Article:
Investigating animal trade, transport, and translocation in the precolonial Caribbean: New isotopic and zooarchaeological evidence
Investigations of the dynamic relationships between humans and (non-human) animals are of interest to a broad range of scientific disciplines throughout the world. In the Caribbean, the complexities of island biogeography, transportation technologies, and human agency converge to condition the spatial distribution of both humans and animals. This region has long been characterized as relatively impoverished in higher order species diversity and scarcity of domesticated animals, yet the precolonial movement of various animals and their physical remains between islands or archipelagoes, and between the mainland and insular Caribbean by indigenous peoples is evidenced by ancient and modern faunal distributions. However, many questions concerning these processes remain unresolved, including the dating, intensity, and frequency of these movements; the mechanisms involved (transported, traded, or translocated); the number and types of species; and their geographic origins. Here we highlight an ongoing multi-disciplinary study of animal mobility and exchange in the precolonial Caribbean combining zooarchaeological and isotopic analyses. Results to date indicate the previously undocumented movement of certain mammal species; the early presence of locally born ‘introduced’ taxa; the continued inter-island transport of animals long after initial colonization; correlations between geographic origins and certain taxa; and macro-regional correlations between human and canine dietary patterns.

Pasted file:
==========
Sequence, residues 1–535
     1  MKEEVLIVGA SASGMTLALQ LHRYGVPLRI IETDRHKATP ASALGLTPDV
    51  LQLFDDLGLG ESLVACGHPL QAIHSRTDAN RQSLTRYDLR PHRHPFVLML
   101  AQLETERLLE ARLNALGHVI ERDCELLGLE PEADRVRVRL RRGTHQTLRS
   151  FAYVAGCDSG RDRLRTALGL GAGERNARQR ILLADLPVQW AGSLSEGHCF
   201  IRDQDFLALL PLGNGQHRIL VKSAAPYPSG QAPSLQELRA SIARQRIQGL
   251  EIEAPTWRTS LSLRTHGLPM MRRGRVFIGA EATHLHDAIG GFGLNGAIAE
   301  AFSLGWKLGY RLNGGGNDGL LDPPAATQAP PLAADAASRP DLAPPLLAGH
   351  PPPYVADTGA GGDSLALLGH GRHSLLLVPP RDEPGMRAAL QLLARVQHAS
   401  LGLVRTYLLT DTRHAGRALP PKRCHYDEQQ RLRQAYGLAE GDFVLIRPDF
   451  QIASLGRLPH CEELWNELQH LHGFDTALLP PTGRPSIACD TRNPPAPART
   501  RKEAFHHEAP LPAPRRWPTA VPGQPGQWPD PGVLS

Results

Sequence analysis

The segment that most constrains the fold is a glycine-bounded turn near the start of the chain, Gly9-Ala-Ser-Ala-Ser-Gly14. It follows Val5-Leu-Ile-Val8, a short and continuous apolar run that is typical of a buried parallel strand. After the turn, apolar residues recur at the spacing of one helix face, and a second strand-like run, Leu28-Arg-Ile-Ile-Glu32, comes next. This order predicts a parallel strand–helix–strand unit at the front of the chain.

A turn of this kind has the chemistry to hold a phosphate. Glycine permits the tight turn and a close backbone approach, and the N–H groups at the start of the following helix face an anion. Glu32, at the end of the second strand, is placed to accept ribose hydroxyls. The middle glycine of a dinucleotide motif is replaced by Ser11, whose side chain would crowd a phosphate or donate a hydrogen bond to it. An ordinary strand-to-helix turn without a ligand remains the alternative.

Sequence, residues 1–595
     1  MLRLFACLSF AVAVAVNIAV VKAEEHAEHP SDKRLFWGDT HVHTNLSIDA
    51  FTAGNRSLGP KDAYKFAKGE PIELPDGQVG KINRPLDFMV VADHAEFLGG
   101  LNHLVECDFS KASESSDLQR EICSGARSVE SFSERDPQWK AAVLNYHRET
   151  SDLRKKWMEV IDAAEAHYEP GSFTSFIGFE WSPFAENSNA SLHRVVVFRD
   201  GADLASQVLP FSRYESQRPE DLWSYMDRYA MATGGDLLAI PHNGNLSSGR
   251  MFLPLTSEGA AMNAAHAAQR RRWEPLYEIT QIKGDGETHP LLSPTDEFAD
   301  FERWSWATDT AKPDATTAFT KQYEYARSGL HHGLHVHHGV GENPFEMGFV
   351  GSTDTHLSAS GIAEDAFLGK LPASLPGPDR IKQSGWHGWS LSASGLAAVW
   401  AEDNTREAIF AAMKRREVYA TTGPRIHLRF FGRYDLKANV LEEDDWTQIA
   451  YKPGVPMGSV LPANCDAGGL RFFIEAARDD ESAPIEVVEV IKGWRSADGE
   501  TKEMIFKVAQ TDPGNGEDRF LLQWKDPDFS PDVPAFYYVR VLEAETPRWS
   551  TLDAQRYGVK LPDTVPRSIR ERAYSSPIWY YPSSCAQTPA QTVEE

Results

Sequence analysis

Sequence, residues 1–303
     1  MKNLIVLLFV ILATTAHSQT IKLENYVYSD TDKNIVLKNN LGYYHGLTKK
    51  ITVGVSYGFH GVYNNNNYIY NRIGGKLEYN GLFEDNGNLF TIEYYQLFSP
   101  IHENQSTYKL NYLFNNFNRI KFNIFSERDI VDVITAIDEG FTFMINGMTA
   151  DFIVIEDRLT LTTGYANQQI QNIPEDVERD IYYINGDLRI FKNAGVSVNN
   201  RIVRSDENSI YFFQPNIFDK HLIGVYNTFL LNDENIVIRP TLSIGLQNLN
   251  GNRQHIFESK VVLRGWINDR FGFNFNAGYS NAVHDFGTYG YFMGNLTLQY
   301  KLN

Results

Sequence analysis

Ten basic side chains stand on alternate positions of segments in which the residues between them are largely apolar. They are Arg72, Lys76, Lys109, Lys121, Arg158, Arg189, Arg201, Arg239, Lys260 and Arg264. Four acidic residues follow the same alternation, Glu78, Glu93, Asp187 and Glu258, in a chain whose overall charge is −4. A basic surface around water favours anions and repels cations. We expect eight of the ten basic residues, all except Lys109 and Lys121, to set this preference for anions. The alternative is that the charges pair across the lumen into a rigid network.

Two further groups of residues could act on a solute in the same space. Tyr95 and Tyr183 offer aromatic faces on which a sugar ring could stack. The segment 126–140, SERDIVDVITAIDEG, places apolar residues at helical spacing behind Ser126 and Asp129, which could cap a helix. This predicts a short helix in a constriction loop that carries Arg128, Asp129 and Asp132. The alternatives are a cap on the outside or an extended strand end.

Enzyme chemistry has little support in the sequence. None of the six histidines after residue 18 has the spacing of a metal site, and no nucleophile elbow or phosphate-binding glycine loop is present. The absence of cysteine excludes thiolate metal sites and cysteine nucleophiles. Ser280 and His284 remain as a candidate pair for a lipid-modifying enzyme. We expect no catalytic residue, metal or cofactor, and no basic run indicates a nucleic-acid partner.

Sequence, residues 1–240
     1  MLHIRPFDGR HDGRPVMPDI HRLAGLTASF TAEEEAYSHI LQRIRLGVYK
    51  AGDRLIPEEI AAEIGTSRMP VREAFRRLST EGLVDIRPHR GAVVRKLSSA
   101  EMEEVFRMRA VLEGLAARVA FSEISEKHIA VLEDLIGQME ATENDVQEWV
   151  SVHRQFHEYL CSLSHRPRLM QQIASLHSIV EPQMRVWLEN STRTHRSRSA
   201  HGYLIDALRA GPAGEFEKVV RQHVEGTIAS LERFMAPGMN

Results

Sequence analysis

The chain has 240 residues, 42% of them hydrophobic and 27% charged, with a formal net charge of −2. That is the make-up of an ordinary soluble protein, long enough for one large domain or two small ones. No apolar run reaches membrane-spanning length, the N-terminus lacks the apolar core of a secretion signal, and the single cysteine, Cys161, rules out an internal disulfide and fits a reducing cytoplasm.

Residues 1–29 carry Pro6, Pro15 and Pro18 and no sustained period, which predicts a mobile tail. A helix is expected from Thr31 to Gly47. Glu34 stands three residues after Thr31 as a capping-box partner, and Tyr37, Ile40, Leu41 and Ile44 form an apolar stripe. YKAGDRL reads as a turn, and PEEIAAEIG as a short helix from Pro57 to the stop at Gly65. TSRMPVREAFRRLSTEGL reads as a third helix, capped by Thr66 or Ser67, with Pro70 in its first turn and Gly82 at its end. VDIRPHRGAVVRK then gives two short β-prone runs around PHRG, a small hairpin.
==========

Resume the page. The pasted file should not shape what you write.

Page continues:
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Investigating animal trade, transport, and translocation in the precolonial Caribbean: New isotopic and zooarchaeological evidence. Jason Laffoon, Till Sonnemann, Menno Hoogland, Gareth Davies, Corinne Hofman. Presented at The 81st Annual Meeting of the Society for American Archaeology, Orlando, Florida. 2016 ( tDAR id: 403386)
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